Punishing High-status Deviants: The Role of Transgression Severity and Betrayal
INSEAD Working Paper 2011/12/DS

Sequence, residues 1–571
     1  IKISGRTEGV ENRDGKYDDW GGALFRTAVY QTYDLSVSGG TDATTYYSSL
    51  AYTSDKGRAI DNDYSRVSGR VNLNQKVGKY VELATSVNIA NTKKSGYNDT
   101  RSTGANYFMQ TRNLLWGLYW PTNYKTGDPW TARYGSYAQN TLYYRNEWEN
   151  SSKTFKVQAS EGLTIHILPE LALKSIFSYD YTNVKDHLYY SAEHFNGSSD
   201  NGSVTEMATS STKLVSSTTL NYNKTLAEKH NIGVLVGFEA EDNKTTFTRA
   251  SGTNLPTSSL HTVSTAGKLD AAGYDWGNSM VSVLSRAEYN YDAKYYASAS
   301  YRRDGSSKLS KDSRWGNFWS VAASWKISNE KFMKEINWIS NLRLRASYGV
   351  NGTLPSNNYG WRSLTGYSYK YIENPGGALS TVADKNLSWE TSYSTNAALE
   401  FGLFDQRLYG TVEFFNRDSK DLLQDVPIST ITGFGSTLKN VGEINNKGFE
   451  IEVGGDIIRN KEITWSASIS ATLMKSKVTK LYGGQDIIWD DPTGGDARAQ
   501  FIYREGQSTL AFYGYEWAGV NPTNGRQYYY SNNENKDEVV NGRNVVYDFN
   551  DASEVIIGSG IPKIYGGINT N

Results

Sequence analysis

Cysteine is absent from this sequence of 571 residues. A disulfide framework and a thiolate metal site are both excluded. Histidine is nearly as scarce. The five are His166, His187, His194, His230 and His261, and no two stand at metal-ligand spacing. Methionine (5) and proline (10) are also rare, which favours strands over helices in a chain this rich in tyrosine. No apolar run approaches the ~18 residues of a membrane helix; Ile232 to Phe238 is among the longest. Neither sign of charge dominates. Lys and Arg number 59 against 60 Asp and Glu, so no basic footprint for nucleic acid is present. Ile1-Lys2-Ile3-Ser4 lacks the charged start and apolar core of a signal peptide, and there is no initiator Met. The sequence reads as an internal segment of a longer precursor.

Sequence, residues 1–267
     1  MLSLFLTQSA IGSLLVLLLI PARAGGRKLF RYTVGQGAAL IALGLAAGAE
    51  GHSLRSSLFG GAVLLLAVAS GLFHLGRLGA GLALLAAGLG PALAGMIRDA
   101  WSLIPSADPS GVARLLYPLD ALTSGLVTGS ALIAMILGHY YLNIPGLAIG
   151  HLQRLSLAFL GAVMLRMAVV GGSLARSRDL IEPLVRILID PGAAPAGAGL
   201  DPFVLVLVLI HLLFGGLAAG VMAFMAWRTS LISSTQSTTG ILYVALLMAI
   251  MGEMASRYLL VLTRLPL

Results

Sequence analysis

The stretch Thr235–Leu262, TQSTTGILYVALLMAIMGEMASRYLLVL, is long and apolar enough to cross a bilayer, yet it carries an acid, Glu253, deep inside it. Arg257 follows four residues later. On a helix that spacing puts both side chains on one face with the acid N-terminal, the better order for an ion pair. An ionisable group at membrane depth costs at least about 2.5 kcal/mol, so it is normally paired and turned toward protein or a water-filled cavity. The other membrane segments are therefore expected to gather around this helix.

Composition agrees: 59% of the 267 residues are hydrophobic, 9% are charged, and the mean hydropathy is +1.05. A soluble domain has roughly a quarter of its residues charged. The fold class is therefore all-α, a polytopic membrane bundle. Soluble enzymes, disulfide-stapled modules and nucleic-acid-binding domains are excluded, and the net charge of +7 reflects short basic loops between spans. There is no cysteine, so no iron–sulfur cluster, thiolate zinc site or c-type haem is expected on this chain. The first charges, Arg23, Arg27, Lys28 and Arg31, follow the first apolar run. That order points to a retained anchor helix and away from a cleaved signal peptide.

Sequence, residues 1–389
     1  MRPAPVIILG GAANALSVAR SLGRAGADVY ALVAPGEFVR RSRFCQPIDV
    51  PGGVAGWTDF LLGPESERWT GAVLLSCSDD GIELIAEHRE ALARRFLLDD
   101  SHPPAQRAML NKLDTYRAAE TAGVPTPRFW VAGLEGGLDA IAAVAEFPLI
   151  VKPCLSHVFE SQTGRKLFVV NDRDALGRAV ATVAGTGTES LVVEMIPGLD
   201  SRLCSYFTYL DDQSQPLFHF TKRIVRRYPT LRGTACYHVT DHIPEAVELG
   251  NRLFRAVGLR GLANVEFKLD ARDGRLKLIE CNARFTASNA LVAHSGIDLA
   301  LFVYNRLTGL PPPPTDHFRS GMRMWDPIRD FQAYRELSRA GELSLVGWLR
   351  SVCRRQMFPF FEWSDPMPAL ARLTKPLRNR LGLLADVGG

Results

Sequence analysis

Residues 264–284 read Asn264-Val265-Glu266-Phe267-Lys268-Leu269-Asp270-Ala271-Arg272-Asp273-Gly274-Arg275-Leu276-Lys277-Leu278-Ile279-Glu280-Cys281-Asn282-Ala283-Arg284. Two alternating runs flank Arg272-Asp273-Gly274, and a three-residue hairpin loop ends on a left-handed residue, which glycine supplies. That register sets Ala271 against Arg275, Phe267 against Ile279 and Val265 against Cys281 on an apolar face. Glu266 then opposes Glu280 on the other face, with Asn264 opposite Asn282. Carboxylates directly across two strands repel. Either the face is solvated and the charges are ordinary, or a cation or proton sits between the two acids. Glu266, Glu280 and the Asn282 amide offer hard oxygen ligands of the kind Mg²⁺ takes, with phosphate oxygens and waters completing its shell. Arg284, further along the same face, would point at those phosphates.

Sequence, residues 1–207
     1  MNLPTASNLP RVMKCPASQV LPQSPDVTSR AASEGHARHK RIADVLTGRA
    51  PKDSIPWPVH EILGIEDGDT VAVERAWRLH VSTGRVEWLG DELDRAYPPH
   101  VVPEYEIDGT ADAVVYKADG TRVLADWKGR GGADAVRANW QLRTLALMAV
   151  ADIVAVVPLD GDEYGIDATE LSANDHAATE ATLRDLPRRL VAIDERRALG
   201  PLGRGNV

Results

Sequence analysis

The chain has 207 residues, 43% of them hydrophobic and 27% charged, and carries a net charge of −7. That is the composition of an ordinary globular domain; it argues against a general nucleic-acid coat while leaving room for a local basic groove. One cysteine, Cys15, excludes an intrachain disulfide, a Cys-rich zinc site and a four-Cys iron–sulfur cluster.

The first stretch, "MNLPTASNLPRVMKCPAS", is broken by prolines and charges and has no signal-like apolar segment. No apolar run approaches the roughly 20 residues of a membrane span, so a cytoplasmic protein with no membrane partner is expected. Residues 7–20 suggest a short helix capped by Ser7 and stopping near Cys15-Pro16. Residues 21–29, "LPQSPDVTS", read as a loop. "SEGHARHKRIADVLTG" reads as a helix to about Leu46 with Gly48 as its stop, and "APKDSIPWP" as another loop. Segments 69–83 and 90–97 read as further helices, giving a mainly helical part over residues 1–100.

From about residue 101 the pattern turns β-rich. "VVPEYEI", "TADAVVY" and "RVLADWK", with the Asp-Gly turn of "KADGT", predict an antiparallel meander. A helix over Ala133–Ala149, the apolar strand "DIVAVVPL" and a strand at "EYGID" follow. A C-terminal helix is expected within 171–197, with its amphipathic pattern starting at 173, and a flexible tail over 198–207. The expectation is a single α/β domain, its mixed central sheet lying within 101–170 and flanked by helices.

Evaluations of workplace deviant behaviour are often biased by the personal characteristics of both deviants and sanctioners. In this paper we focus on the characteristics of deviants and investigate the conditions under which sanctioners are more lenient towards deviants of high social status than low-status wrongdoers. We experimentally test the hypothesis that the severity of misbehaviour determines the strength of punishment recommended for high as compared to low-status wrongdoers (Studies 1 and 2). Results supported the hypothesized interactive effect of severity and deviant status on recommended punishments. For work-related transgressions of low severity, high status ‘shields’ the deviant from harsh evaluations and sanctions. However, for transgressions of high severity, this effect reverses and social status becomes a liability. Sanctions are in fact the strongest for high-status perpetrators committing serious work-related transgressions. The liability effect of status in such cases is mediated by the perceived betrayal of the implicit social exchange between the organization and the status-holder (Study 3). The perceived betrayal reaches its highest level for high-status actors who engage in serious workplace misbehaviour, thereby increasing the sanctioner’s disapproval and recommended punishment.